about 2 years ago
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By Ruma Dubey


On 22nd Oct, 2016, Arvind Gupta penned a letter to the Prime Minister, Narendra Modi and appealed to him, to investigate into the illicit banking and commercial relationship between Videocon Group of Venugopal Dhoot and ICICI Bank’s MD & CEO Chanda Kochhar’s family owned NuPower Renewable Group, steered by her husband Mr. Deepak Kochhar.

He wrote this letter in the capacity of a shareholder of both Videocon as well as ICICI Bank. His letter in detail explained all that which we read in the newspapers today, almost two years later. He is blunt when he says, “Sir, the fact that the Videocon Group led by Mr. Venugopal N. Dhoot has made hefty political contribution of Rs. 11.1 crore to the Bhartiya Janta Party’s (BJP) led Union Government during the year 2014, as against just Rs. 5 lakh in the previous year, should not deter the Government to order an appropriate independent investigation to bring out the truth relating to opaque corporate transactions and prevent impending banking crisis in the ICICI Limited. The Videocon Group is heading deep into crisis and will soon become drain on Banks as Non Performing Asset despite the ICICI Bank offering them murky financial supports. This is a serious misgovernance issue and deservers your intervention or else the reputation of the Government will get tainted?

He marked this letter to not just the PM but everyone, right from Arun Jaitley to RBI Governor to SEBI, Central Vigilance Commission, CBI, Enforcement Directorate, Financial Intelligence Unit – India, Serious Fraud Investigation Office and many more. Not a single one paid any attention for so many months. It took CBI over a year but at least it did open an inquiry around 15th of March’18. Today, right from SEBI, IT, CBDT and everyone is vying with each other for an investigation.

How come now after so many months, CBI woke up? There is a murmur going on at Mint Street that the Govt wanted to divert all the attention from PSU banks, wanting to show that the private sector banks are not as “greater than thou” as they are currently made out to be. Who knows, right? In politics, anything goes.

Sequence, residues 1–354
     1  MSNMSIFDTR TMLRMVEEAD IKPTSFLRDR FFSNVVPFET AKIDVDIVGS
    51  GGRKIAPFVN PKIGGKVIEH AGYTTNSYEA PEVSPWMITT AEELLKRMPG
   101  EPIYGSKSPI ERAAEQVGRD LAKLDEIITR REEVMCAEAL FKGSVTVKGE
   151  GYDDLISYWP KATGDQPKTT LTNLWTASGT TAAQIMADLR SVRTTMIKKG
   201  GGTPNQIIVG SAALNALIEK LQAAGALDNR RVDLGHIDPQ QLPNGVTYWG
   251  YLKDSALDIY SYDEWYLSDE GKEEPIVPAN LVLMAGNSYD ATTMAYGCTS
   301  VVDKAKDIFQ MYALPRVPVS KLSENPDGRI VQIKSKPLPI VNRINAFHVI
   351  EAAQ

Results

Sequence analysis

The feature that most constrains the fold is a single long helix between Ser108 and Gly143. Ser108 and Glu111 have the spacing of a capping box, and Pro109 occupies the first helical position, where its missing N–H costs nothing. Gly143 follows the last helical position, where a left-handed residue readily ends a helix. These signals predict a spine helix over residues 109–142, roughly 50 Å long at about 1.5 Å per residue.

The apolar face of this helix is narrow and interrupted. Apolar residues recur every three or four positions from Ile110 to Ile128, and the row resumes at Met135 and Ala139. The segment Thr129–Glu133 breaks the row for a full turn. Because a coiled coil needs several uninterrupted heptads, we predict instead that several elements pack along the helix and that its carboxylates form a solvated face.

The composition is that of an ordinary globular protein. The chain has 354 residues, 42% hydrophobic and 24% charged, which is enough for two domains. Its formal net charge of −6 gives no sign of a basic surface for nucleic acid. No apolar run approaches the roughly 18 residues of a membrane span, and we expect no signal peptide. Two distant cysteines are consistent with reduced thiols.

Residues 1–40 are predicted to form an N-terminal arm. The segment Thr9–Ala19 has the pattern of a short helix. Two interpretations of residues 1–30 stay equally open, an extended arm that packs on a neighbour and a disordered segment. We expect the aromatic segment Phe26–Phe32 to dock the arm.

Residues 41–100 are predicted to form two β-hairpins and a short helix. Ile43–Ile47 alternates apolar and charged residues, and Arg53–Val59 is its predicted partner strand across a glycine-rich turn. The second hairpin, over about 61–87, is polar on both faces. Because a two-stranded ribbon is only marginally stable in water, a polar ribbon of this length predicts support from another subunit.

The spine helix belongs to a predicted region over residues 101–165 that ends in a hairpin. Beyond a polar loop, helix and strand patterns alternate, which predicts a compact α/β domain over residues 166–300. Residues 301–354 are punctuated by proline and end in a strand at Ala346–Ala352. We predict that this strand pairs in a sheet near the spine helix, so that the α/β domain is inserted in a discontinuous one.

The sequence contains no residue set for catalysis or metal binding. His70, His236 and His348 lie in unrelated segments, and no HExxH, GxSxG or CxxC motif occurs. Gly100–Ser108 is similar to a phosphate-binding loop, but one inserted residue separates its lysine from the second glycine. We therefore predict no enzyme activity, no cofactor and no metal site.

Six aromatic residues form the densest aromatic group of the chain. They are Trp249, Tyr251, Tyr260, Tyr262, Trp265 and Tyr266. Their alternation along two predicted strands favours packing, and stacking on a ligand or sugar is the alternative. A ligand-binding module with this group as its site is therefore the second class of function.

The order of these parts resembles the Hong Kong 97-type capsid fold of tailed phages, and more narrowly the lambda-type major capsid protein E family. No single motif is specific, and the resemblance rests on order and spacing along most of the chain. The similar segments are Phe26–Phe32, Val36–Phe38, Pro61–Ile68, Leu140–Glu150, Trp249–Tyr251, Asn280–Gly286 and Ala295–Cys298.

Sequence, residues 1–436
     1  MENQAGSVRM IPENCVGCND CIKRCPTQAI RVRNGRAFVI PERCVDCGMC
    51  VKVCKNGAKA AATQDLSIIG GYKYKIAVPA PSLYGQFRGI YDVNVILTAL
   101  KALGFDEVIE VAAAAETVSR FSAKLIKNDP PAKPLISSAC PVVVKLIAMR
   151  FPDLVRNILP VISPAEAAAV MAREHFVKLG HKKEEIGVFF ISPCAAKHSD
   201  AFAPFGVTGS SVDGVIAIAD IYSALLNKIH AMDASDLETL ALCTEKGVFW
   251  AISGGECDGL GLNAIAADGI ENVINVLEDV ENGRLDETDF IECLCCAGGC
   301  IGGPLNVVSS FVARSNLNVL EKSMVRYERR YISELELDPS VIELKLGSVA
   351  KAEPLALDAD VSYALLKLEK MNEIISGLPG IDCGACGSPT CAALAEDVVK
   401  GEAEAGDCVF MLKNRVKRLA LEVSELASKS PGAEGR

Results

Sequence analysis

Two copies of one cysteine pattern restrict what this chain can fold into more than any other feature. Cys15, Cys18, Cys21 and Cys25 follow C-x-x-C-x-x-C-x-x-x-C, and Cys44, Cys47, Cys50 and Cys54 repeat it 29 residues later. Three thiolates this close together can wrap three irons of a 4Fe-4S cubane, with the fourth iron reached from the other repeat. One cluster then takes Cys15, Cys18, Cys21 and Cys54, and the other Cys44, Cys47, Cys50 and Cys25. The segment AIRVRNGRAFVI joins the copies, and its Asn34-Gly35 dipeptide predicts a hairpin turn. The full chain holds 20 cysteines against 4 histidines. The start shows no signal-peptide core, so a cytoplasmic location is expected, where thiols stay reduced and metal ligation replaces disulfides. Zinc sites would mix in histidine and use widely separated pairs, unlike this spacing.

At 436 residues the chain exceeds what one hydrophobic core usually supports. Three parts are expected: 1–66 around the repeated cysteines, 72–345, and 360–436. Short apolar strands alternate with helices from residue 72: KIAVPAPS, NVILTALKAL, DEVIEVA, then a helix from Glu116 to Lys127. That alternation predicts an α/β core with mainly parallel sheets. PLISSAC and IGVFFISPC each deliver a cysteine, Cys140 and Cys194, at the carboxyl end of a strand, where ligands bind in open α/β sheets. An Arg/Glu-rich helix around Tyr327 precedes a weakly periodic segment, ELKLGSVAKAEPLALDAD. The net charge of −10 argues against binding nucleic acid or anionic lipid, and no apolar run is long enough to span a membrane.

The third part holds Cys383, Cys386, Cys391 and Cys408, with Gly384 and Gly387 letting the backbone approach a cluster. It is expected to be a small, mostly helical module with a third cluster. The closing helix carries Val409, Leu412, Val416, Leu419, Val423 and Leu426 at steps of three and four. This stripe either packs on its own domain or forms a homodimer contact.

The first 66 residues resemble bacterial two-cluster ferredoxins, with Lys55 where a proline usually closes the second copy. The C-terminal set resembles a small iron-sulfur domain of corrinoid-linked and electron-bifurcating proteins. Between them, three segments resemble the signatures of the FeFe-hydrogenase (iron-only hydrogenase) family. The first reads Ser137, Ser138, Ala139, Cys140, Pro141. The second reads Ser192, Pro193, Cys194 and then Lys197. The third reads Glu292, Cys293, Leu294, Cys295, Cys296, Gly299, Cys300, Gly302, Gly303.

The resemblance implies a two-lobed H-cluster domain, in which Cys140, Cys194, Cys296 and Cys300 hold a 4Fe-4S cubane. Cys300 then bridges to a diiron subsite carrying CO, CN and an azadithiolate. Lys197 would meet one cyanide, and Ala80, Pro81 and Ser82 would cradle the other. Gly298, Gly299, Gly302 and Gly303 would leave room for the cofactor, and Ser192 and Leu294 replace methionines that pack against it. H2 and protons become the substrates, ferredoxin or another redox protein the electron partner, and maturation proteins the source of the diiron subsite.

So why do we have this track record of never ever listening to whistleblowers? One can argue that the Govt will be getting hundreds of such letters every day, so how can they investigate everything? But then, Arvind Gupta is no mischief monger – he has a degree in economics from Banaras Hindu University, is the founder-trustee of Indian Investors Protection Council and holds a PhD in Public Sector Economics. Surely his letter should have been treated with some wisdom? Even yesterday, in an interview with the media, Gupta, when asked whether investigative agencies reached out to him post this, said, “I am amazed to share with you that none whosoever ever responded, you write to anybody, you write to whomsoever you want, nobody responds, nobody takes cognizance, nobody even acknowledges.” That’s how it is.

There is so much wrong doing here; a banking official would find all this “conflict of interest” so routine and confer in private that this is what happens and has been happening in the banking sector for times immemorable.

In the wake of this, what needs to be done on an urgent basis is a need for making it mandatory for CEOs and senior banking officials to declare their family interests. Is there a practice at all within the Board to disclose this information?

It also brings into perspective this great solution which we all have to cure the PSU banks of the NPA malaise – privatize them. Obviously, we now see that it is not the best solution.

As we say time and again, unless we have very strict punitive actions, the fear of getting caught to face rigorous punishment, private or public, fraud will not end. As humans, we probably sacrifice integrity at the altar of huge money; it is only fear of the repercussion which can keep this greed at bay.

For a complete detailed read of Arvind Gupta’s 2016 letter - ­http://bankingsectornpas.blogspot.ae/2016/10/0-0-1-87-501-maxfusion-research-4-1-587.html

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